Phylogenetic analysis

DNA sequences were edited and assembled using GENEIOUS R 9.1.3 (Biomatters Ltd., Auckland, New Zealand). Primer sequences were removed resulting in COI sequences of ~ 658 bp and 16S sequences of ~ 810 bp. COI sequences were aligned using MUSCLE [32] as implemented in GENEIOUS under default settings. For the 16S alignment MAFFT 7 [33], using the Q-INS-I algorithm, the 1PAM/κ = 2 option for the scoring matrix for nucleotide sequences and otherwise default settings, was used. We used PartitionFinder 2.1.1 [34] to select the appropriate partitions and evolutionary models. Four partitions were assumed initially (1st, 2nd and 3rd codon positions of COI and 16S). The results of the PartitionFinder analysis using the Bayesian information criterion suggested a single partition and the HKY + G model, which was used for the subsequent Bayesian inference (BI) and maximum likelihood (ML).

We performed a BI using MrBayes version 3.2.6 [35] running Metropolis-coupled Monte Carlo Markov chain (MC3) searches with four chains in two separate runs for 50,000,000 generations with trees sampled every 1000 generations under default heating. Potential scale reduction factors close to 1 and estimated effective sample sizes above 200 from the MrBayes output were used as diagnostics to ensure that the MC3 searches had reached stationarity and convergence. The first 5,000,000 generations of each run were discarded as burn-in. We performed heuristic ML analyses in GARLI 2.0 [36] using the best-fit model as suggested by PartitionFinder. Support values were computed by bootstrapping with 1000 replications. Using PAUP* 4.0b10 [37], we conducted heuristic maximum parsimony (MP) searches with unordered characters, 100 random sequence addition replicates, the tree bisection and re-connection (TBR) branch-swapping, and gaps treated as missing data. Internal branch support was assessed in PAUP* by bootstrapping with 1000 replications, using full heuristic searches with 10 random addition sequence replicates, TBR branch swapping, and one tree held at each step during stepwise addition. Posterior probabilities from the BI analysis and bootstrap support (BS) values from the ML and MP analyses were mapped onto the BI 50% majority-rule consensus tree with SumTrees version 3.3.1 (part of the DendroPy 3.8.0 package [38]). BS ≥ 70% from the ML and MP analyses and posterior probabilities (PP) ≥ 0.95 were interpreted as positive support for a node.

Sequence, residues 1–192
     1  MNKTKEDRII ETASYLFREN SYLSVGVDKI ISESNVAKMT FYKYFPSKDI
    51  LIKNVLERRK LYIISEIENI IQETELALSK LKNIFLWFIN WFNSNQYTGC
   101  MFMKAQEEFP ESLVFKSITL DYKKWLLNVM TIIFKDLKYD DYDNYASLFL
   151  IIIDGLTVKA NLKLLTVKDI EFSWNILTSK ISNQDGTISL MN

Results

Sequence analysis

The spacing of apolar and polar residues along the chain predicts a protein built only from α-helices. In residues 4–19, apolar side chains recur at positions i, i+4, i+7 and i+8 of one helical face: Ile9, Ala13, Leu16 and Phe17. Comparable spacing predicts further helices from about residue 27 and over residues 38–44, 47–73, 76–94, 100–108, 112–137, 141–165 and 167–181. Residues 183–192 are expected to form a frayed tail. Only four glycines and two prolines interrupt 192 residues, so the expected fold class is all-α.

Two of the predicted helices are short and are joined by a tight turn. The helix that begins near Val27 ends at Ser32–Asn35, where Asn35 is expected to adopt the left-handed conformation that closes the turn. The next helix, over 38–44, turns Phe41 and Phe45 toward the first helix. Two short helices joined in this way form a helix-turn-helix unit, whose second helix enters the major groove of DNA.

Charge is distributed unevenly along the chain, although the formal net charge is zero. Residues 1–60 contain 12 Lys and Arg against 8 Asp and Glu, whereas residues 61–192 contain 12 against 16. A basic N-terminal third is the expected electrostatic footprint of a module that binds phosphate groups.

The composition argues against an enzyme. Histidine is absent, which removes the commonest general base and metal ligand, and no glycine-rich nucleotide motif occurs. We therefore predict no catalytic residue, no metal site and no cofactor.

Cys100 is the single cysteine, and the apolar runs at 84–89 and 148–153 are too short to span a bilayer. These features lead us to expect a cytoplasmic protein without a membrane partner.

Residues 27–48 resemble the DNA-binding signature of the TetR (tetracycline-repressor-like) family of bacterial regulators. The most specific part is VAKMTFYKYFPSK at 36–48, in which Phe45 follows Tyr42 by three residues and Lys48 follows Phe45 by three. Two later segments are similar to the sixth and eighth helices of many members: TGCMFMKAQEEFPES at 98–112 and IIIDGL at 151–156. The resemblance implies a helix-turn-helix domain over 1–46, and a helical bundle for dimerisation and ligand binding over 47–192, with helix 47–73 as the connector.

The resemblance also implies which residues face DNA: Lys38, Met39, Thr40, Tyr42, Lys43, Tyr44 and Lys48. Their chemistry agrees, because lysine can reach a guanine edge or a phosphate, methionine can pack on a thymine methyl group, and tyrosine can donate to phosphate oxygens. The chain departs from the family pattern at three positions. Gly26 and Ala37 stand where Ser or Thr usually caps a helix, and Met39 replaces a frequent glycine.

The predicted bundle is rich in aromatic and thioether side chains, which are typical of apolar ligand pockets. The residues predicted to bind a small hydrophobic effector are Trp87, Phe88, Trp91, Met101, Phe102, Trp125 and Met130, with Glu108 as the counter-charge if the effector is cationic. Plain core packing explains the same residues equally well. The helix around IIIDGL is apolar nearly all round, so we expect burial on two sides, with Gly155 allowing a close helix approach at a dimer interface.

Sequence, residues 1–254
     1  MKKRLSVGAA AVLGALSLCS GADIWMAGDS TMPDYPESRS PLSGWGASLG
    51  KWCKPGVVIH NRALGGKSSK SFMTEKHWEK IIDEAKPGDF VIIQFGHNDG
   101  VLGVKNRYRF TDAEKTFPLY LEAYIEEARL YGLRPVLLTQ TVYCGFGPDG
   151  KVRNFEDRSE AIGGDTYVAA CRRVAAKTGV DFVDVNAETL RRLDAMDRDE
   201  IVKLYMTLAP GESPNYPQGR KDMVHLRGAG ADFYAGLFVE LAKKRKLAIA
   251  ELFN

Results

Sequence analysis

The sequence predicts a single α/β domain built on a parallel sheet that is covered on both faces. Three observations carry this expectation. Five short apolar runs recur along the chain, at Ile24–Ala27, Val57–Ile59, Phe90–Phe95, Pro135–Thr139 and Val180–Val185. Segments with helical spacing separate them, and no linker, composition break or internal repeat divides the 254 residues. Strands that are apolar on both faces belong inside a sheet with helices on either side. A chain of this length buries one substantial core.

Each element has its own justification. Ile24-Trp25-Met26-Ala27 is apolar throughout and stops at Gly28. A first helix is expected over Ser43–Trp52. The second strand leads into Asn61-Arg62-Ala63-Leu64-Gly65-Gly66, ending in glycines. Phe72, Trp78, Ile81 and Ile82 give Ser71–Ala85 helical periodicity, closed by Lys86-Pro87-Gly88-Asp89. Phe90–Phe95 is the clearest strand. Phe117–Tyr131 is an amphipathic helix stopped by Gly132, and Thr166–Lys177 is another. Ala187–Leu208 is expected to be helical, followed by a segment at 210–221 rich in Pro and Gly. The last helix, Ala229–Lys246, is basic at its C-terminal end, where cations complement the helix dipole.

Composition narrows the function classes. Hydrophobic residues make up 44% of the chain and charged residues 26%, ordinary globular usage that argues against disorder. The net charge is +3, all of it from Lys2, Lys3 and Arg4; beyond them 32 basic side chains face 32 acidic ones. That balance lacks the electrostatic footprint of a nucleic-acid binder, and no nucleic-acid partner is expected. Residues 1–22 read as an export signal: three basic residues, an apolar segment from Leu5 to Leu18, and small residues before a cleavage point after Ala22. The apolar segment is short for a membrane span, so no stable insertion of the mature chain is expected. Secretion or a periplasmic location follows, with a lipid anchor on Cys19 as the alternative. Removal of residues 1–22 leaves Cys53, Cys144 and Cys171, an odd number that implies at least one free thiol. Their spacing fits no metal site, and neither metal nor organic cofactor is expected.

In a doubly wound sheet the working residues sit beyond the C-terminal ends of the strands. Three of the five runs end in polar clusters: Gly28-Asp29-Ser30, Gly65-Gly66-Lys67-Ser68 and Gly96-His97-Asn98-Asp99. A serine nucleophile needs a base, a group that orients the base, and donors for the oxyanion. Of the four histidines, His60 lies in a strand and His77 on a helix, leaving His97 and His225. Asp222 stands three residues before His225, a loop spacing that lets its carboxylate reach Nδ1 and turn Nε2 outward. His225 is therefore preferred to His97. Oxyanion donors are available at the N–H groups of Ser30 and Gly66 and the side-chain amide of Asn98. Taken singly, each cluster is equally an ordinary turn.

Molecular species delimitation models

To test for the presence of potential cryptic lineages we used the Automated Barcode Gap Discovery (ABGD method) [39], via its online application (http://wwwabi.snv.jussieu.fr/public/abgd/abgdweb.html). For the COI gene we used the Kimura (K80) TS/TV 2.0 distance (K2P). We entered previously established [22] minimum (Pmin = 0.0031) and maximum (Pmax = 0.0411) COI K2P values for marine caenogastropod snails (Littorinidae) and otherwise default settings.

We also used the general mixed Yule-coalescent (GMYC) approach in its Bayesian implementation (bGMYC) [40] for DNA sequence-based species delimitation. We constructed ultrametric trees based on COI data with BEAST 2.4.1 [41]. The chain was run for 11,000,000 generations, with a sample frequency of 1000. The first 1000,000 of the generations were discarded as burn-in. The GTR + I + G model was applied; otherwise default settings were used. Tracer 1.7.1 [42] was used to check that all effective sample sizes were above 200. GMYC and bGMYC analyses were conducted with the Split [43] and bGMYC R packages [44], respectively. The single-threshold as well as the multiple-threshold analyses were both conducted using the maximum clade credibility tree from the BEAST analysis constructed with TreeAnnotator 2.1.2 (part of the BEAST software suite) setting the posterior probability limit to 0. The bGMYC analysis was based on 100 trees drawn equidistantly from the post burn-in generations obtained from the BEAST analysis. For each of the 100 trees, the Markov-chain Monte Carlo sampler was run for 100,000 generations, discarding the first 90,000 generations as burn-in and sampling every 100 generations.

Ancestral range estimation

An ancestral range estimation was conducted based on 1000 randomly selected post-burn-in trees from the BI analysis of the dataset accounting for statistical uncertainty and the 50% majority-rule consensus tree from the BI analysis using the statistical dispersal-vicariance analysis (S-Diva) method [45] implemented in RASP 4.0 beta [46]. We constructed a matrix in which each individual was assigned to one of five geographic regions (roughly following [14]): A) Southwest Africa, Madagascar and Mauritius; B) the Red Sea; C) the Arabian Sea (including the Gulf of Yemen); D) the Indo-West Pacific (including Indonesia, Malaysia and Thailand) and; E) Australia and New Caledonia. For our analysis, we allowed transitions from B only to A and C, as well as from E only to D. All other areas were assumed as directly connected. The analysis was run allowing a maximum of three areas at each node and otherwise default settings.